Landstar Continues to Deliver, Hauling in Returns

Price $160.25 Recent Add June 7, 2021

  • Landstar is a free cash-generating growth machine.
  • Asset light network of truckers and agents drives high returns.
  • Connects trucking services with shipping customers.
  • Innovative system to help maximize the utility of those on the network.
  • Estimates for 2022 and 2023 need to be increased which should drive stock performance.

Investment Thesis

Landstar is to shippers and truckers what UBER aspires to be for passengers and drivers. Landstar connects truckers with cargo and takes a slice of the revenues. Landstar eliminates the traditionally complex model of contract vs spot and replaces it with a proprietary system that allows both customers and truckers to find each other easily. The truckers get to maximize their utilization and minimize downtime and the shippers are connected with the trucker who is positioned to deliver the needed service most efficiently and cost-effectively. Both parties win. The biggest difference between Landstar and Uber is Landstar is a cash machine and throws off tons of free cash every year even as its revenues and profits grow; UBER burns cash at an astounding rate. Landstar has been one of the great growth stocks of the past 30 years; one that most people have never heard of. While the massive growth is behind them, we expect double-digit growth earnings growth going forward as Landstar continues to grow revenues and profits and buy back stock.

What is Landstar?

Landstar relies on a network of agents and contract truckers to provide trucking services to shipping customers. Landstar does not own the trucks, nor do they hire drivers. Instead, they allow truckers access to their network of agents who post customer cargo needs, then Landstar’s network connects the truckers to cargo.

Landstar Owner-Operator page

The Landstar Model

Landstar users come in two forms, their business capacity owners (BCOs) and brokerage carriers. BCOs are the core of the model, taking up the lion’s share of revenue generation – being owner-operators of trucks. Landstar provides BCOs with fuel, discounts, and cargo to carry for a set percentage of their revenue. The brokerage carriers are your standard freight carrying services, that are given access to Landstar’s technology so that the truckers under their umbrella can use Landstar’s service which allows truckers to post their trucks and desired routes, and Landstar will match them with cargo along the way.

Those who need cargo carried communicate with Landstar agents, who then post their cargo to the board that all BCOs and brokerage carriers have access to. Both ends of the logistics market find value in this – both drivers and shippers get timely cargo, at a competitive rate.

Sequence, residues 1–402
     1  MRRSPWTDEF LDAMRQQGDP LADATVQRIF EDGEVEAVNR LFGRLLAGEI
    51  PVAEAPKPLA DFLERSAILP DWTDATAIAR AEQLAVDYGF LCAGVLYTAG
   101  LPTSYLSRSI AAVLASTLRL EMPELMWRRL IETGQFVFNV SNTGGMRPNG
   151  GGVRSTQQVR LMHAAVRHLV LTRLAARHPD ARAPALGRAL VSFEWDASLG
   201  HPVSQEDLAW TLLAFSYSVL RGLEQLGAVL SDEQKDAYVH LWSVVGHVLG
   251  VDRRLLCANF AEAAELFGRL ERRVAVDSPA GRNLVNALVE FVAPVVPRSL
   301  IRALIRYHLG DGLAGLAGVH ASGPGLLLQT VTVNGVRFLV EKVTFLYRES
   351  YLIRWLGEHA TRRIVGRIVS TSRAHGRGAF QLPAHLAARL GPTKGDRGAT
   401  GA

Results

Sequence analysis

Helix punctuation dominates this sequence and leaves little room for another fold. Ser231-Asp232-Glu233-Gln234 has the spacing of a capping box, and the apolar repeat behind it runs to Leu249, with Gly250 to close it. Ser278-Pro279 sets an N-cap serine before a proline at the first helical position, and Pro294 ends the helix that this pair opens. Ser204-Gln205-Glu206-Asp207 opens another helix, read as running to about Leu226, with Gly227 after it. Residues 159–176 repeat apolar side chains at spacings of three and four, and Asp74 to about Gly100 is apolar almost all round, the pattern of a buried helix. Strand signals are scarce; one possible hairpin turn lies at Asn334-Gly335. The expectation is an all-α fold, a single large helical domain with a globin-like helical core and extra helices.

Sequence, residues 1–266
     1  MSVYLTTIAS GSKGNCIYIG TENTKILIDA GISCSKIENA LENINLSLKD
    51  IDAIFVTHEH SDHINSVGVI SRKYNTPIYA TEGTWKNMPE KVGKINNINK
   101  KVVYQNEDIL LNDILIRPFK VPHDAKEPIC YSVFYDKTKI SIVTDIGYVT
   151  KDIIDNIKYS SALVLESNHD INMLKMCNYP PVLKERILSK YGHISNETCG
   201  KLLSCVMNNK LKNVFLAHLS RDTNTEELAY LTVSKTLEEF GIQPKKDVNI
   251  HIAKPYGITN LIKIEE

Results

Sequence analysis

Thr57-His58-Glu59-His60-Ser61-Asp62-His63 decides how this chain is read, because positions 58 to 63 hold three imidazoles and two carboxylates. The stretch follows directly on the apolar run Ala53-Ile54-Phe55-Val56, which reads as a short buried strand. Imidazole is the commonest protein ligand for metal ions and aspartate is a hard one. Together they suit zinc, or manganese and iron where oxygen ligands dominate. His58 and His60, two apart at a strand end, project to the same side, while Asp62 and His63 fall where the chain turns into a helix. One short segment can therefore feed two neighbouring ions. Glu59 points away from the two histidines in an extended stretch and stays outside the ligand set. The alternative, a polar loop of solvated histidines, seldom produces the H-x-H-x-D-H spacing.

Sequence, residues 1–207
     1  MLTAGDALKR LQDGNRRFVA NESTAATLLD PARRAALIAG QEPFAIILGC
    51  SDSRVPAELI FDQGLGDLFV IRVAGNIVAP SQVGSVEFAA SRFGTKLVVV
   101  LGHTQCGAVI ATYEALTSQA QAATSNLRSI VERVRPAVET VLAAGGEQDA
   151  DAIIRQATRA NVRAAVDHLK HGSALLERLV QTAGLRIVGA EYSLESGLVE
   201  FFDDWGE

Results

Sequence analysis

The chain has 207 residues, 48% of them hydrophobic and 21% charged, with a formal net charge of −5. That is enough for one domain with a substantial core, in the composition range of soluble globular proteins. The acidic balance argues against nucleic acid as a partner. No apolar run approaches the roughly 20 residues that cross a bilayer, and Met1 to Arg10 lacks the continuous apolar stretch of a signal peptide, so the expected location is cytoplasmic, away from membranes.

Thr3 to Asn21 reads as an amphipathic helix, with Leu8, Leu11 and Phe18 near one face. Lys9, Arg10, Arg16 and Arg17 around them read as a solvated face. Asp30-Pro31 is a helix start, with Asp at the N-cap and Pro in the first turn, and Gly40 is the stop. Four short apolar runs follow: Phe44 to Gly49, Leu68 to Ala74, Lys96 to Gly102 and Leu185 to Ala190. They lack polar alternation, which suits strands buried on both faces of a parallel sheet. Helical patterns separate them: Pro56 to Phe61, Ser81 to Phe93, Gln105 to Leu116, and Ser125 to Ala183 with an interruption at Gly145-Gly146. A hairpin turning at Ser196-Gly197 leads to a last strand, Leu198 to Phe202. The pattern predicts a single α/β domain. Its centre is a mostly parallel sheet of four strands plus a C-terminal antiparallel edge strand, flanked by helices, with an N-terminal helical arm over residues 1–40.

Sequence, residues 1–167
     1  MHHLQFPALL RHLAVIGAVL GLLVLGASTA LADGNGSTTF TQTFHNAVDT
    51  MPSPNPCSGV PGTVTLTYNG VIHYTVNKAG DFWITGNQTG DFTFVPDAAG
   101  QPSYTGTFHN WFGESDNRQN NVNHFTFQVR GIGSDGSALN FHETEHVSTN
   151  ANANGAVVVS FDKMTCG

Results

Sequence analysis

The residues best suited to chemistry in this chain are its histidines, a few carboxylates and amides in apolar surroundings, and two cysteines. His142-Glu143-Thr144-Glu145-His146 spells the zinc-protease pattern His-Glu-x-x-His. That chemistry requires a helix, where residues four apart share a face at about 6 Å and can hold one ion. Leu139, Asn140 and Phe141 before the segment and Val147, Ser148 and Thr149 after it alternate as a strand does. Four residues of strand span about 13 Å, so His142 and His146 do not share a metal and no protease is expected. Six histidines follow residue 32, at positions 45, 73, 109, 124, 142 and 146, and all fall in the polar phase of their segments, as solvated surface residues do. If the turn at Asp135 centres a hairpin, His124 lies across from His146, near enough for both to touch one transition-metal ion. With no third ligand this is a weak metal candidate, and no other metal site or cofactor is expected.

As with any logistics company, inclement weather and freight prices can greatly affect the movement of goods. Landstar cited the winter storms in early 2021 as a detriment to revenues and earnings. While the weather has no long-term adverse effect on the company, it does impact quarterly results. Road freight also tends to be semi-seasonal, with the per-load income being lower in the first quarter of the year. While not likely in the next couple of years, Landstar should be a key player in the self-driving truck market as their service of connecting trucks with shippers is used by truck owners and shippers regardless of if the truck has a human driver. With the switch to more and more electric vehicles, there needs to be an expansion of battery production. Currently, Toyota manufactures 6-gigawatt hours (GWh) per year, but to meet the demand and their targets, they will need to hit 180 GWh/year by 2030. This is 30x their last 20 years of output in the next 10 years. They are considering expanding battery production to be local to meet demand, such as in the United States, which will be one of the largest battery markets. Toyota already has a wide history of investment in the US, recently beating its 5-year goals in only 4. Additionally, they will need to be able to source materials that are becoming increasingly rare – such as semi-conductors which recently impacted markets with a shortage. However, Toyota managed to avoid this hit entirely, as they work closely with their supply chain to reduce disruptions. In the 5-year investment horizon, it seems like Toyota might be out of the woods.


Landstar survived the COVID19 pandemic relatively unscathed, only suffering in Q2 2020. Landstar consistently gains revenue off its fee model and has increased its per-truck revenue by nearly 24%, expanding the number of trucks using its service by 13%.

Despite not hiring drivers directly to work for them, Landstar has managed to keep turnover low compared to the industry average, with a total turnover of only about 27%. This essentially means that despite not working for Landstar as employees, these truckers are happier being owner-operators using the Landstar service. Landstar is the 9th largest for-hire carrier in the US, which is surprising given its asset-light model. In comparison to other for-hire carriers, it has low maintenance and capital expenditure costs, as the majority of Landstar’s employees are staff operating from their headquarters in Jacksonville, Florida – and it does not own the trucks nor have the drivers on staff.